Want an indication of just how terrible Kansas football has been? What ended up being a two touchdown road loss actually felt like a competitive step in the right direction.
That Jayhawk defense though... Even Greg Robinson would be disgusted, and that guy is the defensive coordinator equivalent to ebola. Even so, and in spite of giving up 312 yards on the ground, the defense looked better than it had all season - as absurd as that statement may seem. The 'Hawks got a chunk of turnovers for the first time this season, and even got some key stops to keep the game competitive into the final five minutes of the fourth quarter.
The defense has deserved the lion's share of the ridicule in 2015, but the 'Hawks shallow talent team wide has made it so the hurry up Air Raid offense deserves some criticism. Hurry, hurry, hurry, the run as many plays as possible offense has to be able to convert third downs and keep drives going. Otherwise it leaves your defense on the field for hours. The Jayhawk offense continues to stall on third and fourth downs more consistently than it does anything else.
Rutgers' defense stacked the line to stop Ke'aun Kinner and De'Andre Mann to leave the game in the Jayhawks' suspect quarterbacking hands. Montell Cozart continues to look like he has no idea how to run a read option - time and time again forgetting to actually, you know, read the defensive end. So many wasted running plays kept burying the Jayhawks in third and long holes from which they've yet to show they can climb out.
Montell Cozart - After sitting out the early portion of the game due to "flu like symptoms," Cozart entered the game after Deondre Ford was decked, injuring his throwing thumb in the process. Cozart sparked the offense and led them to their first TD, which made the game 13-7 midway through the second quarter. Cozart finished 13-18 for 193 yards at a very nice 10.7 yards a pass. He looked more accurate than he had all season, less willing to just bolt for it and run, keeping his eyes downfield for some big plays.
Ke'aun Kinner and De'Andre Mann - Both backs get a sticker here. It was tough sledding for Kinner on Saturday, gaining just 23 yards on 15 carries, but his brace of TD runs increased his team leading total to five. Kinner has been the heart of the Jayhawks red zone offense. Mann's 41 yard run ignited a dead Jayhawk offense and keyed their first touchdown drive. Rutgers' was determined to stop the 'Hawks running game, but going forward Kinner and Mann look like a pretty decent one-two running back punch.
Tyler Patrick - The redshirt freshman and former walk on showed a lot of good speed and hands in the spring game. After leading the 'Hawks in receptions against Memphis, Patrick did a good job of finding space in Rutgers' defensive backfield for 70 yards and was just inches away from a touchdown reception to show that spring time performance may have been legit. Look for his playing time to increase.
Ben Goodman - KU's buck defensive lineman was the only Jayhawk defender to get pressure on Chris Laviano all day. And it wasn't easy. Goodman was playing his ass off, hustling and fighting for every advantage. No, I haven't forgotten about the horse collar tackle (see below), but Goodman, just a sophomore, seems to be the only defender showing heart for the 'Hawks right now.
Greg Allen - Hey, what's a Kansas defensive back doing on the sticker side of things? Allen is here because he got the first interception of the season for this much maligned defensive unit. If this defense hopes to have any chance week to week they have to cash in on turnovers. Dropped picks cost the Jayhawks in a big way against South Dakota State in game one. On the play, Allen made a nice play in cutting off the route, keeping his feet in bounds and killing a Rutgers red zone scoring opportunity. It was just a shame that the offense gave the ball right back to the Scarlet Knights on the 'Hawks' next series.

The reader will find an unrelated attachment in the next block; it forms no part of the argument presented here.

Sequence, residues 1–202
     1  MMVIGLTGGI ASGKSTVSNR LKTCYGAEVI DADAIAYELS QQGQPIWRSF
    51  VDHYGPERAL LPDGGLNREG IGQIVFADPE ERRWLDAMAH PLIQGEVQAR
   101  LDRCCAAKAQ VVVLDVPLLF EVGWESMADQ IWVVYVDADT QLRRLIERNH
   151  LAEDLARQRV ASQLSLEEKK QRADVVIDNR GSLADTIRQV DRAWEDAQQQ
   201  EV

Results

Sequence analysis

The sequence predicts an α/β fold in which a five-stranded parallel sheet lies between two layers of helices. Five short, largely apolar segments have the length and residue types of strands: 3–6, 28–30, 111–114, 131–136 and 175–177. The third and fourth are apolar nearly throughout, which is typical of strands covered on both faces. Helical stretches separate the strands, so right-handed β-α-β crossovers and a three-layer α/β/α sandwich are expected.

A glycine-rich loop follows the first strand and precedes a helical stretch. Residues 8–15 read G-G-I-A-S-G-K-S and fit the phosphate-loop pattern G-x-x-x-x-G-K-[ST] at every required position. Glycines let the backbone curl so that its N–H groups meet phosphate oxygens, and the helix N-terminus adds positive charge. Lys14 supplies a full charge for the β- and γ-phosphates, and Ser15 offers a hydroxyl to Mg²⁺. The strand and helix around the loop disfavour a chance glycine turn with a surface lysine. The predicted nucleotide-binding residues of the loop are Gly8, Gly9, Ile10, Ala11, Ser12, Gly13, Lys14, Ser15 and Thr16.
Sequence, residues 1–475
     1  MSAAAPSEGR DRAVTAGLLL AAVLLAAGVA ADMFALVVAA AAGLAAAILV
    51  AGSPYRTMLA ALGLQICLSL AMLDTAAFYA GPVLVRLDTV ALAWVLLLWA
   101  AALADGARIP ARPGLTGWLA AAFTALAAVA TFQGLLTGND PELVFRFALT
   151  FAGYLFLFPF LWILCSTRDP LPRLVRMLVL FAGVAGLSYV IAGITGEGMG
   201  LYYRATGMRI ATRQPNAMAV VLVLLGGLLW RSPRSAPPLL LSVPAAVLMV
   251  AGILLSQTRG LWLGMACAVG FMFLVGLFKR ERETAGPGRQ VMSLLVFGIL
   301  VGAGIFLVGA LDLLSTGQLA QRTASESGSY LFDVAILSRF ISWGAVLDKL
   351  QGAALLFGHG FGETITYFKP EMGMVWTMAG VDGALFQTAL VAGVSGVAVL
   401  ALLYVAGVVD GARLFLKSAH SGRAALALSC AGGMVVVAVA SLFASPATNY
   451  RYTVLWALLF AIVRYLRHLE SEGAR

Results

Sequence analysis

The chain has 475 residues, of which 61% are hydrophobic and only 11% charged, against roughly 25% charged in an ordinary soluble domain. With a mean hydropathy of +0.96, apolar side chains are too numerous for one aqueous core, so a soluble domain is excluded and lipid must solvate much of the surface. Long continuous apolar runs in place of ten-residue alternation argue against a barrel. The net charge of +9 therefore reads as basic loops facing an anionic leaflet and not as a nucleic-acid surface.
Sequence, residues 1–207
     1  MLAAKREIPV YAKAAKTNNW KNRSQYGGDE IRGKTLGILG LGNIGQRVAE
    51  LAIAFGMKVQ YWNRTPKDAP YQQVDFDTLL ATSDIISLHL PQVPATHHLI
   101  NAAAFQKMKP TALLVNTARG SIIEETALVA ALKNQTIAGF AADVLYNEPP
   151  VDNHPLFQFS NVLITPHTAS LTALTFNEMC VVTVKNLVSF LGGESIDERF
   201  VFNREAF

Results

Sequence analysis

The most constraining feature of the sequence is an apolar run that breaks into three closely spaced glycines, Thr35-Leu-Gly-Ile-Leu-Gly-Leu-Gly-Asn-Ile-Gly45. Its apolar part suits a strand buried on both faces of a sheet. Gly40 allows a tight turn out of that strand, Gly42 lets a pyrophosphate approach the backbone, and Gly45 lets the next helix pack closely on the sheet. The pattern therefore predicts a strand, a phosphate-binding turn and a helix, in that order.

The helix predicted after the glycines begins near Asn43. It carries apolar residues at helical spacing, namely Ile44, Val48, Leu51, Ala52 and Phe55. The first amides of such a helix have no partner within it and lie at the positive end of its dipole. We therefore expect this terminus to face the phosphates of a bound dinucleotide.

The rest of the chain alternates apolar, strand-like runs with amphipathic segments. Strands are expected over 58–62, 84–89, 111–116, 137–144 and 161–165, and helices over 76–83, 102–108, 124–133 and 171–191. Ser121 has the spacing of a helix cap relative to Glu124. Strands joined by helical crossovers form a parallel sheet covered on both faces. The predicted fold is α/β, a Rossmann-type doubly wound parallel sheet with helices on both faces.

Due for Some Drill Work
The Offensive Line - Downright offensive. The line couldn't open up holes for Kinner and Mann, limiting the 'Hawks running game to just 64 yards at a 2.2 yard per carry rate. They also seemed incapable of keeping heat out of KU quarterbacks' faces. Early on, Ford couldn't get a pass off without someone hitting his arm, and eventually the lack of protection knocked him out of the game. Cozart did a better job of getting the ball out of his hands, but like Ford he had pressure bearing down on him all day. The pressure blew up a fourth down play that looked to be set up pretty well on a drive that could have led to a 27-21 game late, but Cozart had to rush his throw and missed hitting Tre Parmalee in stride.
Defensive Line - Rutgers gutted them up the middle with a power running game, and outside of Goodman never really made Laviano sweat while throwing the ball.
Defensive Backfield - So far off from receivers. Pushed around and bullied by Rutgers' giant-sized receivers. This KU defensive backfield is going to be ripped to shreds to a devastating degree by Big 12 offenses. There were some Pop Warner pee wee football level open spaces for Rutgers receivers run free.
Ben Goodman - As pleased as I was with his overall play, Goodman's horse collar tackle on Laviano on a third and long play that was going nowhere was a catastrophic lapse of judgment. Immediately following a Jayhawk touchdown that made the game 13-7, the 'Hawk defense came out inspired and - GASP - shut down Rutgers' offense. A third down pass attempt completely broke down as Goodman had Laviano running for his life. Laviano reared back to just get rid of the ball. The incompletion would have forced Rutgers to punt. Instead, Goodman grabbed both Laviano's face mask and horse collar to drag Laviano to the ground right in front of an official. The play preserved a drive that Rutgers eventually put into the end zone, and the game was never again closer than 13 points.
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